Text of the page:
In an effort to improve the comfort of his son’s bicycle, John Dunlop invented the vulcanised rubber pneumatic tyre, without realising the same invention had been patented over forty years previously by Robert Thompson. After a legal battle with Thompson, Dunlop founded the Dunlop Rubber Company which he later sold for very little profit.

1891: The Michelin Brothers Invent Detachable Rubber Tyres for Bicycles

Another big name in Tyre Manufacture, Edouard and Andre Michelin, made use of a new patent by CK Welsh which allowed tyres to be bolted on to the wheel rim. In this year, Andre Michelin was also the first to attach rubber tyres to a motor car.

1903: Paul Weeks Litchfield Patents the Tubeless Tyre

1904: Mountable Introduced to Motor Cars

Combined with tubeless tyres, the introduction of the mountable rim to motor cars was the first time in history a motorist was able to change a tyre themselves.

1908: Frank Seiberling Invents Grooved Tyres

With motor cars becoming faster and more and more cars hitting the road, the focus shifted towards road safety. Grooved tyres provided greater traction on the road, improving driver safety.

1910: BF Goodrich adds Carbon to Tyre Rubber to Lengthen the Life of the Tyre

1911: Phillip Strauss Invents the First Successful Automobile Tyre

Although Rubber Tyres had been used on motor cars since 1895, it wasn’t until Phillip Strauss combined an inflatable inner tube with a galvanised rubber outer tyre that the car tyre first achieved commercial success.

1937: BF Goodrich Invents the First Synthetic Rubber Tyres

27 years after adding carbon to the rubber, BF Goodrich, using a patented substance called Chemigum was able to manufacture the first synthetic rubber car tyres.

1948: Michelin Patents the Radial Tyre

Michelin were the first to produce steel-belted radial tyres, providing greater durability and mileage for the motorist.

1974: Pirelli Produce the Wide Radial Tyre

Another big name in tyre manufacture, Pirelli, were the first to produce wide radial tyres. These provided greater durability and a more even tread wear.

Over the years that followed, tyres have undergone numerous changes in terms of the synthetic makeup of the rubber and the overall design of the tyre and continue to be developed by the big names who were pivotal in the shaping of the tyre throughout history.

Lindley’s Autocentres in Nottingham stock a wide range of tyres including those manufactured by the big names in tyre development, providing a combination of quality, durability and safety. If you’re looking for new tyres for your car, speak to Lindley’s today. Contact us here or pop into one of our Nottingham Autocentres to speak to us about our range of car tyres.

History of Tires

The wheel was invented around 3500 BC, becoming one of man’s greatest innovations. In its earliest form, the wheel was a curved piece of wood. Leather was eventually added to make the ride softer. Over time, the leather was replaced by rubber. The original rubber tire was solid rubber, without air, and was used by slow-speed vehicles.

Benz invented the first gasoline car in 1888, fitted with metal tires covered with air-filled rubber. This was the beginning of the pneumatic tire, which was first seen by the public in a Paris-Bordeaux-Paris automobile race. The tread tire was introduced in 1905. The tread was designed to protect the tire carcass from direct contact with the road. It also improved the tire friction coefficient.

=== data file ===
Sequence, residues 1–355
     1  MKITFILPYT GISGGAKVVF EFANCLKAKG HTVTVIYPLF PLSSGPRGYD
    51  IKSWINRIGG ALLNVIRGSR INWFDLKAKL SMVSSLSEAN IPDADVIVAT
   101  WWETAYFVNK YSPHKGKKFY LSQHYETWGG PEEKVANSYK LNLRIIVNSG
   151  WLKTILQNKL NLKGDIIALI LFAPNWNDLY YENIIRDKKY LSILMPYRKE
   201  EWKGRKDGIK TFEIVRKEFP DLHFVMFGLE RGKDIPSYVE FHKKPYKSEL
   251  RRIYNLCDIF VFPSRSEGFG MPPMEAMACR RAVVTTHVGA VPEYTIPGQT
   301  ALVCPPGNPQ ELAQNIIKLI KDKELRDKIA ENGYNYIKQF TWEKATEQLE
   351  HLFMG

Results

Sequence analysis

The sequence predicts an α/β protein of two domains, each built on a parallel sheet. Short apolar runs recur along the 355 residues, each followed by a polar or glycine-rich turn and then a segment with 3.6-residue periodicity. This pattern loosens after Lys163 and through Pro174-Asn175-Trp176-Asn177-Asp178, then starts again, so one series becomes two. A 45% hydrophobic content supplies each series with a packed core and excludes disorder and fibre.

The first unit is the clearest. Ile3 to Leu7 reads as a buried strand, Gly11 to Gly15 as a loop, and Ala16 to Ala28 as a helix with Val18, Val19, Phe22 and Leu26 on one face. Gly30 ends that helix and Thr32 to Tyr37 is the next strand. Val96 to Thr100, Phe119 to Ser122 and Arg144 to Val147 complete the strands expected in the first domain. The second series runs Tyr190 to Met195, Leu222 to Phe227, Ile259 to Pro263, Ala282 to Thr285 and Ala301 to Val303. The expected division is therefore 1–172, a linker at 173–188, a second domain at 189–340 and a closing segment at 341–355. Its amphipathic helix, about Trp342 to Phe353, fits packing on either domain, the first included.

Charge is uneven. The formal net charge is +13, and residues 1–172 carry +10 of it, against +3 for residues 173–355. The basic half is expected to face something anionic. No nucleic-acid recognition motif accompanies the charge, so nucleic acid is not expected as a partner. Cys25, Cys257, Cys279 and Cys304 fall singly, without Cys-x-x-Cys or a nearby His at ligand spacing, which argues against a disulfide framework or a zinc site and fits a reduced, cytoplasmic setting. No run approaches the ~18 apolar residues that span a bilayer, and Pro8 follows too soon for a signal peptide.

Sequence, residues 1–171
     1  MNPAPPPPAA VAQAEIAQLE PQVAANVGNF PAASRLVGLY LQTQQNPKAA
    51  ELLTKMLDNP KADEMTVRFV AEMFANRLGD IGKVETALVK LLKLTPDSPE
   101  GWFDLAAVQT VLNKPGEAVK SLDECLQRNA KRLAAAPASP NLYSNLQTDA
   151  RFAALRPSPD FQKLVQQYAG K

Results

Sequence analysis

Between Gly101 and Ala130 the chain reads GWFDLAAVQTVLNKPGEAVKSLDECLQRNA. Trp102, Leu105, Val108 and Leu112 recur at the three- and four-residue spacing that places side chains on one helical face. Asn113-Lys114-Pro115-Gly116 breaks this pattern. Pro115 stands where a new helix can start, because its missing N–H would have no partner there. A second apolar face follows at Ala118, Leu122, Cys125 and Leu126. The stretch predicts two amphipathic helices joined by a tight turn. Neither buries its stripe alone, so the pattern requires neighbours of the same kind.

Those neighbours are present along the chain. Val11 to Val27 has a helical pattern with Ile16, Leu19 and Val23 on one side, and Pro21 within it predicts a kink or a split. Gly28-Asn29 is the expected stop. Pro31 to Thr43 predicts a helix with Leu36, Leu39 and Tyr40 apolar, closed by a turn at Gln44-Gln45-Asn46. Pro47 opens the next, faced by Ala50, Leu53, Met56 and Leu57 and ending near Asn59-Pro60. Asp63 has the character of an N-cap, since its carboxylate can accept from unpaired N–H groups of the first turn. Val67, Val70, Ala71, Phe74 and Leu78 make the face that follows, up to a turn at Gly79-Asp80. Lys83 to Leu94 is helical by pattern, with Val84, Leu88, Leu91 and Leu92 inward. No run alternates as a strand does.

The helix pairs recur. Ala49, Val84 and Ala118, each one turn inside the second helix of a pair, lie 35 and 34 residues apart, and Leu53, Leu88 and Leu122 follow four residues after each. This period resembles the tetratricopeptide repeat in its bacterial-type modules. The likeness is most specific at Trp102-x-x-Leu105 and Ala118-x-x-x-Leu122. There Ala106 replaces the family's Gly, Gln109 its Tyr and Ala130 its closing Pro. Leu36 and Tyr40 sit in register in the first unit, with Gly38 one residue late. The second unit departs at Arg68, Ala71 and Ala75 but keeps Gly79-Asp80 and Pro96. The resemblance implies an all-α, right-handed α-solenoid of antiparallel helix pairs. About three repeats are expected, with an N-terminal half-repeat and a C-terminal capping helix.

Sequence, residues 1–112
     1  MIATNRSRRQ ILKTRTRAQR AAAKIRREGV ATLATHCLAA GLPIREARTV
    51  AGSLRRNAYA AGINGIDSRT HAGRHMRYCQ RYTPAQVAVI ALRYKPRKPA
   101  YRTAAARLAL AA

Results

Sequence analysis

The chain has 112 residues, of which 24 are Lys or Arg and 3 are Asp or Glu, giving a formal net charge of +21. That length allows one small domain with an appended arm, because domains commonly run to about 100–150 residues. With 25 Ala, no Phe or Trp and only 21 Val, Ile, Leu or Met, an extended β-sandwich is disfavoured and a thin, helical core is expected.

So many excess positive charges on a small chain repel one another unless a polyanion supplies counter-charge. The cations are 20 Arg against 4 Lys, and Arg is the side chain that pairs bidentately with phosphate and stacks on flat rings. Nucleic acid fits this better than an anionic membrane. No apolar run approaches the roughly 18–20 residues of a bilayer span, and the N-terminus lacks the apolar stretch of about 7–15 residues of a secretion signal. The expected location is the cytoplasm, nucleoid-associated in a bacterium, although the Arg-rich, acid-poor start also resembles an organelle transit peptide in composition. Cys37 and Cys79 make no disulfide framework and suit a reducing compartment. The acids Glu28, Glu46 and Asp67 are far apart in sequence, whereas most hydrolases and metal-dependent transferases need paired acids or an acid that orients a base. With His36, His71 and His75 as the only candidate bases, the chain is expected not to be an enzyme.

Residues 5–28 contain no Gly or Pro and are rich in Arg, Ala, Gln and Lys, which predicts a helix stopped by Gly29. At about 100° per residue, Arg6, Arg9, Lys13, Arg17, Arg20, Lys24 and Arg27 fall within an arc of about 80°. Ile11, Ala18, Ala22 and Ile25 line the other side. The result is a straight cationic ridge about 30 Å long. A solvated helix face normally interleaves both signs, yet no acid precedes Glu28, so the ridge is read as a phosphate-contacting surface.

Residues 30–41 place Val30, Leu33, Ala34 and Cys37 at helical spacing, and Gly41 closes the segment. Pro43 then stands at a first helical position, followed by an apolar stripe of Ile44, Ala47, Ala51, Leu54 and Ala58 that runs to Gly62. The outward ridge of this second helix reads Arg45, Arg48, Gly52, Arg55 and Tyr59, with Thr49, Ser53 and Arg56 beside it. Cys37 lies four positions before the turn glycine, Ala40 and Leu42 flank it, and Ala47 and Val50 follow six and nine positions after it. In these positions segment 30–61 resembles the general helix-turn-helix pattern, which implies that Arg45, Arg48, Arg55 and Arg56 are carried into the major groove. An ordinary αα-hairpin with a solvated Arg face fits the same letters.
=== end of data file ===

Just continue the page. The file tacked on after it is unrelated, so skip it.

The 1920s saw the development of tire materials. The DuPont Company industrialized synthetic rubber in 1931, allowing the increase in tire production, which used to be dependent on natural rubber. Synthetic rubber ushered in a turning point in tire production. The balloon tire, a low-pressure tire that had a greater contact area with the road surface, was introduced in 1923.

Tubeless tires were developed in 1947 in an attempt to relieve the high cost of oil prices. Tubeless tires contributed to the reduction of the vehicle’s weight, allowing for a significant savings in fuel costs.
The first winter tires or snow tires were introduced in Finland in 1934 when Nokian made tire trucks that were designed for handling stormy weather.

The radial tire was invented in the 1950s. It is a type of tire with the cords and carcass plies arranged vertically to the driving direction. The radial tires turned out to have better fuel economy compared to other tires. They provided uniform contact of the tread with the road surface. This offered good driving stability, even at high speeds.

The run-flat tire was developed in 1979. It allowed vehicles to continue driving up to 50 miles at 50 mph with a punctured tire. Several types of tires were designed later, including eco-friendly tires as well as the Ultra High Performance tire. UHP tires have diameters greater than 16 inches and allow for superior cornering, braking, and drivability. Currently, tire companies are working on a non-pneumatic tire created from a uni-material that can be reused or recycled.

If you’re in the market for new tires, check out a Utah tire store near you. Ask about the best type of tire for your vehicle, including tires for Utah winters. Your local dealer can point you to the latest in winter tires.

Want to know more about the tires your cars currently have? You can find it with this infographic. It discusses tires from the beginning of time, its transformation in the 19th century up to these days. The purpose is still the same but the changes show how people innovate it to ensure its maximum usage and performance.

Watch the video: Αγορά Ελαστικών Αυτοκινήτου τι πρέπει να γνωρίζουμε (October 2022).